An audit of the Federal Motor Carrier Safety Administration's Safe Stat system has put the agency's database of commercial vehicle crashes, the Motor Carrier Management Information System (MCMIS), under intense scrutiny.

Although the report by the Oak Ridge National Laboratory (ORNL) was completed over a year ago, it was made publicly available only recently.

ORNL reported that untimely and incomplete data continue to keep SafeStat, the MCMIS carrier safety rating system, unreliable.

Although the report was completed in October 2004, it was made available to the public just recently.

“Incomplete [MCMIS] data resulted in some carriers being ranked “at risk” when they would not have been with complete data,” according to the report.

Under-reporting to MCMIS was estimated at about 33%. ORNL noted that states reported crash information anywhere from 13 to 339 days after the incident took place, and concluded that these variances are enough to break the SafeStat system.

“Selecting carriers with the highest [SafeStat] scores, without addressing the accuracy of the scores, results in the selection of many carriers due to random variations and not true change in carrier risk,” the report stated.

“[The ORNL report] calls into question the underlying algorithm of SafeStat,” David Osiecki, vp-safety for the American Trucking Assns. (ATA) told Fleet Owner. “It calls into question its validity.” Osiecki also pointed out that if DOT plans to continue using SafeStat, it must find ways to increase the objectivity and accuracy of the rating system.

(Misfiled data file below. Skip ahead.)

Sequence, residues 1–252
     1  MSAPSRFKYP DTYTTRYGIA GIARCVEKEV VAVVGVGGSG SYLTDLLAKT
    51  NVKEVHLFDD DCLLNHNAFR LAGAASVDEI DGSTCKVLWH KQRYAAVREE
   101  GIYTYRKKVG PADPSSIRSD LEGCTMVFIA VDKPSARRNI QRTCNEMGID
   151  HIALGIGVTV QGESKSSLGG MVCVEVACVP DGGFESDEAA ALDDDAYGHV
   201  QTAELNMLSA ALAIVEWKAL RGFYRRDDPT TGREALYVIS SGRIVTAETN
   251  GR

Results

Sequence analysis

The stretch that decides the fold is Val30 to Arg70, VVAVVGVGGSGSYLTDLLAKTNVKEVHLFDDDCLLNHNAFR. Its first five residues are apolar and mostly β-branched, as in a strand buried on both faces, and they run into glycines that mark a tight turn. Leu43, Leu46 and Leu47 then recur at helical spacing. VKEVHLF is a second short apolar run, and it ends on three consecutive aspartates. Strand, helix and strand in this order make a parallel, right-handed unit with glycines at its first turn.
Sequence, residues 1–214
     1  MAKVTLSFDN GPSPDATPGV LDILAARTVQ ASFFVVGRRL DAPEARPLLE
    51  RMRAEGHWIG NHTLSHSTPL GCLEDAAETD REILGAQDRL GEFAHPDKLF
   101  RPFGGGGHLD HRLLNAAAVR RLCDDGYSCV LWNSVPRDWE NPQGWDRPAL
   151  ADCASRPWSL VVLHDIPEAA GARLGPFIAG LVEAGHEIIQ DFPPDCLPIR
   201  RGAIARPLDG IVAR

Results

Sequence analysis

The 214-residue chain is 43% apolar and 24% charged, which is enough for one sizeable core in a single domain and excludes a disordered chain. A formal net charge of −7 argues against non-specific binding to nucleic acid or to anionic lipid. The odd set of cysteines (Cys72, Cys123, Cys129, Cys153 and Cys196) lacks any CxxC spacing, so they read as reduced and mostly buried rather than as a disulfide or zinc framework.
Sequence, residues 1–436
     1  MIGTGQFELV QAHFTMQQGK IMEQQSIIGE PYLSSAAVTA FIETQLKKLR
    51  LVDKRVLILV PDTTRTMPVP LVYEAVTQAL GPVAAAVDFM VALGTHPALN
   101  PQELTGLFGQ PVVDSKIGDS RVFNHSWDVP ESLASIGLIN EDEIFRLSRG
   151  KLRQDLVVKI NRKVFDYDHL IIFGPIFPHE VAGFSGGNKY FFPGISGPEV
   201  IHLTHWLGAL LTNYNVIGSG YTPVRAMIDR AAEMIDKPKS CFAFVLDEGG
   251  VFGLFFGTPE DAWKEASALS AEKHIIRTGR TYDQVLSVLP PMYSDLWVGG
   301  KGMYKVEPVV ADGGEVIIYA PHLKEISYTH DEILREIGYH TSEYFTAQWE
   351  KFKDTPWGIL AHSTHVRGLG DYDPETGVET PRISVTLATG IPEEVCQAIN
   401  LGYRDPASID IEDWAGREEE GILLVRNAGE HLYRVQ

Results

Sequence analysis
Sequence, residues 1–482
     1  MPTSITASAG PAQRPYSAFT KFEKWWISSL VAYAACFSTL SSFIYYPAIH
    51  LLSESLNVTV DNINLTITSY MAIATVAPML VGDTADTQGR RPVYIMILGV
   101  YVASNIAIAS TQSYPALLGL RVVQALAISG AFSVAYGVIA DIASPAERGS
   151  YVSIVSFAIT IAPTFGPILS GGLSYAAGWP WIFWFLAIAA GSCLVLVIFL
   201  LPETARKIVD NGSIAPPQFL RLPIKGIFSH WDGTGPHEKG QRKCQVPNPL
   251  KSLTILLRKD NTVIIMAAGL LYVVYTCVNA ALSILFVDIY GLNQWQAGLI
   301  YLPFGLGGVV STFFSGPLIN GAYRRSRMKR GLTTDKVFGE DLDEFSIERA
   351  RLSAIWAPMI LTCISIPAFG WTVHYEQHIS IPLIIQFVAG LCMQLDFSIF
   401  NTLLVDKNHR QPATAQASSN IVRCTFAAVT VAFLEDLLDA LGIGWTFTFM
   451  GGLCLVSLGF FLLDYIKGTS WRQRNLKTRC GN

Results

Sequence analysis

“The agency has criteria and guidelines they provide to states on what could be a reportable truck crash, but it's complex,” Sharon Silas, GAO project director, told Fleet Owner. “It's hard to make sure everyone is reporting it the same way. FMCSA can do the training and provide funds, but they can't … force the states to report a certain way.”

Bob Inderbitzen, director of safety & compliance for the National Private Truck Council, thinks the government is not doing enough to improve reporting. “It's beyond me why this problem is being allowed to exist,” Inderbitzen told FLEET OWNER. “[The government is] not trying to use a heavy hand with the states and is instead giving them money and time to fix the problem.”